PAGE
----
Wizards

Wizards

There are legitimate reasons why Jordan McRae has not come close to entering the Wizards rotation this season.

In his most extensive NBA opportunity in months, the two-way contract player clearly demonstrated why he should.

Tuesday’s big picture story was nothing but bad for the playoff-pushing Wizards. The group that strung together quality performances in 2019 laid a stinker. Washington trailed by 25 points and ultimately lost a highly winnable road game against a 10-win Cleveland Cavaliers team playing shorthanded.

The final score, 116-113, does not suggest blowout. Credit the most random 5-man unit possible for the confusion.

Thomas Bryant, Sam Dekker, Troy Brown Jr. and 10-day contract guard Gary Payton II were on the court during the 44-point fourth-quarter along with McRae, the type of stone cold scorer who gets buckets falling out of bed.

Only those unfamiliar with the wing guard’s work for the G-League’s Capital City Go-Go slept on his points-producing potential. McRae leads the G-League in scoring with 29.8 points per game. 

Against Cleveland, McRae did not miss a single shot: 5 of 5 from the field including two 3-pointers while sinking all three of his free throw attempts. That’s 15 points  -- or 11 more than the 27-year-old scored combined for Washington in 10 prior games this season.

It's easy to dismiss this level of bucket-getting. "Garbage time" in the NBA leads to such scenarios, especially against Cleveland's historically porous defense. There's another consideration.

“Opportunity,” a league source texted after McRae’s showing.

The production continued even as tension entered the equation. McRae drained a shot from beyond the arc with 30.7 seconds remaining and then calmly hit two free throws for the game’s final points with 18.5 seconds.

 

Everyone assumed McRae would get his hands on the ball when Washington regained possession with 11.1 seconds. Plan or not, that opportunity never occurred. Brown, in the most significant moment of his rookie season, fumbled the ball away under pressure.

Lessons learned are part of the first-year experience for Brown or any rookie. Ideally, that is the case for the Wizards with McRae.

Nobody suggests he should start or receive heavy minutes or even play with regularity. No real opportunity existed initially since the Wizards opened the season stacked on the wings. Nobody could make that claim after Washington traded Austin Rivers and lost John Wall with a season-ending injury.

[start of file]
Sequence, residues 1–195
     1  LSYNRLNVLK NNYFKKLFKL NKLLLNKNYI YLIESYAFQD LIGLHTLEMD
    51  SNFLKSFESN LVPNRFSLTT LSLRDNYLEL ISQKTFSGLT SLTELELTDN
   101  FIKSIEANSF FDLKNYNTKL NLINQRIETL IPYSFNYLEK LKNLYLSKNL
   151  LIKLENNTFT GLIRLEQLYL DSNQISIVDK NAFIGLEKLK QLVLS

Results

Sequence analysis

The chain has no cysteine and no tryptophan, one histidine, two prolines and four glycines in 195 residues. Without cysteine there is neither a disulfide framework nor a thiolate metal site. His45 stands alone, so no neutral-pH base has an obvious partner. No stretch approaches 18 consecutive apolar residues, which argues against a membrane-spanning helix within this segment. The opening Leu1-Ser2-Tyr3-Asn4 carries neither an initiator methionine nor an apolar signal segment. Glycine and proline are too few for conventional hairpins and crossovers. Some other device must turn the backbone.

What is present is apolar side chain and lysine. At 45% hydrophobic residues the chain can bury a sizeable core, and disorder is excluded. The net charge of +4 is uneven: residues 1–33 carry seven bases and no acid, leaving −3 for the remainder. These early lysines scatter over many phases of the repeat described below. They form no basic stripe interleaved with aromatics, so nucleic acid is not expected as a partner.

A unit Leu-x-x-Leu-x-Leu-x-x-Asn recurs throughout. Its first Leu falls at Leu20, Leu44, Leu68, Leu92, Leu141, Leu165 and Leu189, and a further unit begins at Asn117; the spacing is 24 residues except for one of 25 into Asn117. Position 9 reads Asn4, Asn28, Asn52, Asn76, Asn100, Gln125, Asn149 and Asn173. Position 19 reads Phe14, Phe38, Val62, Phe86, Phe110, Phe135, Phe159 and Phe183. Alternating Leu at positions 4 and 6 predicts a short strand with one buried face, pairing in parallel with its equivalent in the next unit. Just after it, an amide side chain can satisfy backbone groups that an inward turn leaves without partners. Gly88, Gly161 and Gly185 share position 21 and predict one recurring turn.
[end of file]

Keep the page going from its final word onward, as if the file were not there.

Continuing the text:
Defense and attitude remain primary concerns.

“I think it’s just about [Jordan's] mentality,” Go-Go head coach Jarell Christian told NBC Sports Washington earlier this season. “When he's thrown into a game on the next level, still being able to function without getting the ball every possession.”

Those limitations are noted for the record. That’s also not enough of an excuse. 

It's true not every player can or should enter every game, and Wizards coach Scott Brooks generally keeps a tight 9-10 man rotation. The Wizards' head coach is at time slow to examine alternatives within the rotation.

It took injuries last season to get Tomas Satoransky, Washington’s current starting point guard, into the playing mix. Another starter, Bryant, did emerge until Dwight Howard’s second injury stint this season. Both exceeded expectations and provided a needed jolt.

McRae, who scored 54 points against Maine this season, watched from the Wizards bench or from a distance with the Go-Go regardless. At one point, the Wizards bypassed McRae for guard Ron Baker, a 10-day contract signee with the desired hustle and a busted perimeter shot. The non-scoring threat was released earlier this month.

Unlike kids entering the league, there’s a book on McRae based on 59 games in the league before this season. Washington presumably signed an older player to a two-way contract because it felt McRae could jump in when needed without much runway. Before Tuesday he was barely allowed to take flight.

Brooks kept the unconventional lineup in for the final possession rather than insert 3-point standouts including Bradley Beal. (I go with Beal myself even if just for decoy purposes, but the nod toward momentum is understandable.) The choice expressed a combination of disgust with his starter’s work this night and faith in those that fueled the rally. The latter becomes a one-off if they sit going forward.

Playing without the injured trio of Wall, Markieff Morris and Dwight Howard squash Brooks’ flexibility nightly. At times the coach wisely leans into the strengths available, namely speed and perimeter weapons. Brooks is also relying heavily on mainstays. Beal and 33-year-old Trevor Ariza are averaging 38 minutes per game since Dec. 28.

 

Those minutes are unsustainable over four months. Such usage is necessary if other options do not exist. Sometimes helpful pieces lurk in plain sight and just need a chance to get buckets. 

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